Disclaimer: If you're feeling unsure or fear you could injure your or your cat please seek help from a professional groomer or veterinarian who can trim their nails for you.
1) Find An Appropriate Pair Of Cat Nail Clippers
You can buy pet nail clippers from almost all pet shops, and they are usually pretty cheap. If you’re unable to get hold of a pair, you can also use human fingernail clippers (just make sure you're extra careful with your angles). Even so, we prefer cat clippers as they can properly fit the unique curve of a cat's claw.
2) Create A Quiet & Calm Environment
Take your cat into a quiet room and spend a few minutes petting them as they relax. It also helps to wait until your kitty is a bit sleepy, perhaps after a meal or as they're waking up from a nap.
3) Position Your Cat On Your Lap Or Have Someone Hold Them
Put your fur baby on your lap facing away from you. Gently rest your forearm around their neck. It’s a good idea to have a towel to hand too. If your kitty starts to wriggle, burrito wrap them in the towel to gently restrain them and then pull out one paw at a time.
You can also do this as a two-person job and have one person there to hold and restrain your kitty while the other tackles each nail from the front.
4) Softly Massage Your Cat's Paw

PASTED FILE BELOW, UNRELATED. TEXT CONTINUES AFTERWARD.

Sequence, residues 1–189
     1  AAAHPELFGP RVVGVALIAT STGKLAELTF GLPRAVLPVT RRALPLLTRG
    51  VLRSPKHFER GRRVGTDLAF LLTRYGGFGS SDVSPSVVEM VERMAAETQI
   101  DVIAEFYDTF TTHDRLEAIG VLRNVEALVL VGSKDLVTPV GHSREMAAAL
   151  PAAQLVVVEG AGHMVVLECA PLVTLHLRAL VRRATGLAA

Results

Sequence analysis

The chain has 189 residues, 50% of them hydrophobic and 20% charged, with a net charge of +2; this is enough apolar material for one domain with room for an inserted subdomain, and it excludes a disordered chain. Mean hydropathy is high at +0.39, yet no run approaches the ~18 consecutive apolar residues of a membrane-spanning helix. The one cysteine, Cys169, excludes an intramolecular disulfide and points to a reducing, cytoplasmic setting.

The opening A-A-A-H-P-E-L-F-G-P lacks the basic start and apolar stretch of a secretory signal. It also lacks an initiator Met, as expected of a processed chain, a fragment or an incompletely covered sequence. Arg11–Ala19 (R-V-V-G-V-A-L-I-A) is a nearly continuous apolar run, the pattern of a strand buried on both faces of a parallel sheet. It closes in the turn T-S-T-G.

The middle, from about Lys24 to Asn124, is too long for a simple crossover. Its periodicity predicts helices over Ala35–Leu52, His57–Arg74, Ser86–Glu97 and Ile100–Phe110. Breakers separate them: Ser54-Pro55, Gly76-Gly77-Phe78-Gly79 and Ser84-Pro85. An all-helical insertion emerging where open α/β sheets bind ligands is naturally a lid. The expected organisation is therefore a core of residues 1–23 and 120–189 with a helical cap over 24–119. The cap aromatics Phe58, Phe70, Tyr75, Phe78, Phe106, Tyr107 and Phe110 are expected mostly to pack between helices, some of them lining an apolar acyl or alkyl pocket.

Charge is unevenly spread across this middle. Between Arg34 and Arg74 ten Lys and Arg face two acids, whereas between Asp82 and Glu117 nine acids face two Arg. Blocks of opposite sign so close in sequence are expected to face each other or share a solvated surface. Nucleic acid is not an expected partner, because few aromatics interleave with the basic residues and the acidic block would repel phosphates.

Make sure to press the footpad gently to extend their nail. If your kitty pulls away, let go and wait a few moments before trying again. While you do this, have the clippers in your other hand (which should be your dominant hand) ready to swiftly get in and get out.
5) Cut The Transparent Sharp Part Of The Nail
The most important thing to know when trimming your cat’s nails is where to cut. When you look at your cat’s claw, you’ll see a white/transparent tip, which turns pink closer to the paw.
Be sure to cut the sharp, transparent end rather than the pink part, as this contains nerves and blood vessels. This is known as the ‘quick,’ and cutting it can cause bleeding and be very painful for your kitty.
6) Trim The Sharpest Nails First
If your cat reacts badly, you won’t have much time, so it’s smart to start with the sharpest, longest nail(s) first. The nails on the front feet are usually more pointed than the ones on the back feet, which may not need trimming at all in some cases.
7) Once Finished, Reward Your Kitty!
Give your precious kitty a well-earned treat once you have finished their clipping. This will help them associate having their nails trimmed with something good, hopefully making it easier in the future!
Emergency: What To Do If You Accidentally Cut The Quick
If this happens, the bleeding will usually stop on its own within a few minutes. Still, you can apply some styptic powder to stop the bleeding immediately. Bear in mind that your kitty will be quite distressed and in pain, so they will likely run away and hide.
If so, don’t worry, as they won’t lose a significant amount of blood. Once they have calmed down, inspect the nail and assess whether they should be seen by their vet.
One Final Note
This information and advice in this guide are not meant to substitute veterinary care. Always consult your vet if you’re concerned about trimming your cat’s nails, and follow their guidance.
Additionally, if your cat keeps refusing your attempts to trim their claws, or you don’t feel confident doing it, take them to a vet or groomer. They will give your furry friend a professional trim instead which usually takes no more than 10 or 15 minutes in the office.